Erb’s Palsy is a birth injury that can be quite distressing at first appearance, as the baby’s arm hangs limply from the shoulder. However, in general, there is good rate of recovery for these babies.
Sometimes, the baby’s nerve damage will not completely repair and in these circumstances, it might be advisable to explore whether it would be worthwhile to pursue a case for medical negligence on behalf of your child. If damages are awarded, the monies could be used to help further your child’s rehabilitation and safeguard their future.
Erbs Palsy is a form of brachial plexus injury, which is caused during the labour process.
The brachial plexus is a bundle of nerves in the shoulder, which carry movement and sensory signals from the spinal cord to the arms and hands.
An Erb’s Palsy injury is when the upper part of the brachial plexus is damaged during birth. The nerve roots are either stretched, ruptured or are pulled away from the spinal cord.
It causes the baby’s arm to hang limply from the shoulder, with flexion of the wrists and fingers. The baby will be unable to move its arm (due to weakness or paralysis) and this can often be resolved through physiotherapy or surgery.
The rate of recovery in the newborn stage is a good indicator for the final recovery outcome. Complete recovery is unlikely if no improvement has been made in the first two weeks of life.
One of the most common causes of Erb’s Palsy is when the baby’s head and neck is excessively stretched or pulled in opposite directions during delivery. This usually occurs when either one or both of baby’s shoulders become stuck in the mother’s pelvis (referred to as shoulder dystocia). The brachial plexus can become compressed, stretched or torn.
If the baby is breached, the brachial plexus can be damaged if the baby’s shoulder is pulled too forcefully, or if there is excessive pressure on the baby’s raised arm during delivery.
Also, the brachial plexus can be damaged by the natural expulsive force of the uterus.
Sometimes the nerve injury will heal without intervention. Many babies will improve or recover when they reach 3 or 4 months old, but recovery may take up to two years.
The extent of the injury can be managed with physiotherapy and/or surgery. Early physiotherapy intervention (within the first four weeks of birth) is very important for a successful recovery.
Additionally, occupational therapy can a help a child to develop the strength to perform everyday activities, such as picking up a toy or bottle. An occupational therapist will use a range of movement exercises to improve joint function and muscle tone.
A baby’s Erb’s Palsy may have been caused by medical negligence.
It must be proved that there was a breach of the duty of care owed by the medical practitioner and that this breach caused the Erb’s Palsy.
If you suspect that your child’s Erb’s Palsy injury could have been prevented, then it is advisable to contact a solicitor to get further advice.
We at McMahon Goldrick Solicitors, specialise in acting on behalf of children who have sustained birth injuries caused by medical negligence.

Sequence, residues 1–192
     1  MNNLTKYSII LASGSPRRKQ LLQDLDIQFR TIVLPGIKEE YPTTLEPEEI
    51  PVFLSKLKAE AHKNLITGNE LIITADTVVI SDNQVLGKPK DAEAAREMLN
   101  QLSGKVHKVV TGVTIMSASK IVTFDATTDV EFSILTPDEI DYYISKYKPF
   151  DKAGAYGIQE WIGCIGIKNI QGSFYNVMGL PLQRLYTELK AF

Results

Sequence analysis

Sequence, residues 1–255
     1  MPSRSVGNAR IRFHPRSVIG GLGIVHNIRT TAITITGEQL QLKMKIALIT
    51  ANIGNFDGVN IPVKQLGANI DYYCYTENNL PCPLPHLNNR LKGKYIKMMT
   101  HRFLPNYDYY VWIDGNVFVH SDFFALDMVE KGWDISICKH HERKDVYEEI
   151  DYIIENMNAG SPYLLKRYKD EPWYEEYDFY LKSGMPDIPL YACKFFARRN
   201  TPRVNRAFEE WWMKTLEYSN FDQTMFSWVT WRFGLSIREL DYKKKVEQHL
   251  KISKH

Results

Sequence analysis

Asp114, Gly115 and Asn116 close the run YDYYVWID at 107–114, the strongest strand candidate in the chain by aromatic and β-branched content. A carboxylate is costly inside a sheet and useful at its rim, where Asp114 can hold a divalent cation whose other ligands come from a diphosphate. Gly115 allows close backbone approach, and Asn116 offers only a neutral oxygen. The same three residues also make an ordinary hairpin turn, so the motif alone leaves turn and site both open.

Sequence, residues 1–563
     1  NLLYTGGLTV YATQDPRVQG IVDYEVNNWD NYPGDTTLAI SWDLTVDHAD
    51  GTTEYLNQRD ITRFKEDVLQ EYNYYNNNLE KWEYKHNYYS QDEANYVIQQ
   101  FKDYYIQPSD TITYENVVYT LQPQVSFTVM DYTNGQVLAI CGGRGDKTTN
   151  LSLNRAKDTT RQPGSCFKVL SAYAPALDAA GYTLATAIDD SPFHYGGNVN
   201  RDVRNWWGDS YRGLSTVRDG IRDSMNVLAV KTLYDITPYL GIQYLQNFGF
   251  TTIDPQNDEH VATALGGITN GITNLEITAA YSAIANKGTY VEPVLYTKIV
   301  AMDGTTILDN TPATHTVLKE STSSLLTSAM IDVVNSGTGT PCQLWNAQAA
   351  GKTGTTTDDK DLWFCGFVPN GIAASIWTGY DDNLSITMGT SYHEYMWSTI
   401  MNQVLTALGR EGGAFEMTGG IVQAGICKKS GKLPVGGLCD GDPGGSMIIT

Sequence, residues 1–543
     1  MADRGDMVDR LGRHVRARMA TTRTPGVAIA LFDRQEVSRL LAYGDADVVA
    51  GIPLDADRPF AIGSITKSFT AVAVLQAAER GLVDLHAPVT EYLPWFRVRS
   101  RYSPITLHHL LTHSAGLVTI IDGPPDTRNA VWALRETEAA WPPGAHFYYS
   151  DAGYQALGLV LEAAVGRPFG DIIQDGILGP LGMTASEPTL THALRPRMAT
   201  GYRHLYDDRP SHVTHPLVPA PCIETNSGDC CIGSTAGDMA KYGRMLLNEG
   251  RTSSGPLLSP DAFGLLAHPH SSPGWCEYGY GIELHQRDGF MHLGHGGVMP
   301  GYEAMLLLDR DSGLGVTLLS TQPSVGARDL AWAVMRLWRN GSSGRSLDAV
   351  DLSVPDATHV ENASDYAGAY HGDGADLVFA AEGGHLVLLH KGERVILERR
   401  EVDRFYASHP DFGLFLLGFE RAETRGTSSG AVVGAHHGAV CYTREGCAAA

We are the only firm in Ireland to exclusively specialise in representing clients who have sustained birth, brain & spinal injuries.
Due to the small & specialist nature of our firm, we have the ability to spend the necessary time to do a thorough examination of the medical records in a potential new birth injury matter and we continuously educate ourselves on the new & emerging recommended best obstetric & neonatal care practices
If you would like any further information on Erb’s Palsy, or have an enquiry in relation to a possible birth injury matter, please feel free to call or email us any time.
McMahon Goldrick Solicitors successfully acted on behalf of a 7-year-old girl in her medical negligence claim against the HSE for her erbs palsy birth injury.
The Plaintiff was born at term, weighing 8.2 pounds. She required vacuum extraction for failure to progress and delivery was complicated by shoulder dystocia. She had low Apgars scores and required intubation and ventilation and was treated with hypothermia for the first four days. She had a degree of hypoxic ischaemic encephalopathy, including neonatal seizures.
The Plaintiff was later diagnosed with a severe brachial plexus injury of her left upper limb, classified as Narakas Grade III. Treatment for this injury required a number of surgical procedures, which significantly improved the movement and function of her affected limb, however, she still had a significant limitation of dexterity strength and movement on that side.
We obtained expert opinion from a Consultant Obstetrician who criticised the obstetric care received. He noted that there was a failure by the midwife to appreciate the implication of infant being a large baby with a high head, and the effect that this might have on the labour. There was an inappropriate decision to give syntocinon, without proper review of the circumstances of the labour. There was poor foetal descent, and four instruments were used, contrary to all guidance that was applicable.
Our Consultant Obstetrician concluded that the conduct of delivery fell considerably below a reasonable standard of practice. He concluded that the Registrar acted in a way that no medical practitioner of equal specialist or general status of skill would be guilty of if acting with ordinary care.
It was concluded that the Plaintiff’s Erb’s Palsy and encephalopathy was directly attributable to the inappropriate attempt at vaginal delivery.
As a result of the various expert opinions obtained by McMahon Goldrick Solicitors, a settlement was reached in the amount of €820,000 to cover the Plaintiff’s past & future care, medical expenses, future therapies, housing needs and future loss of earnings.
It was our pleasure to act on behalf of such a deserving family.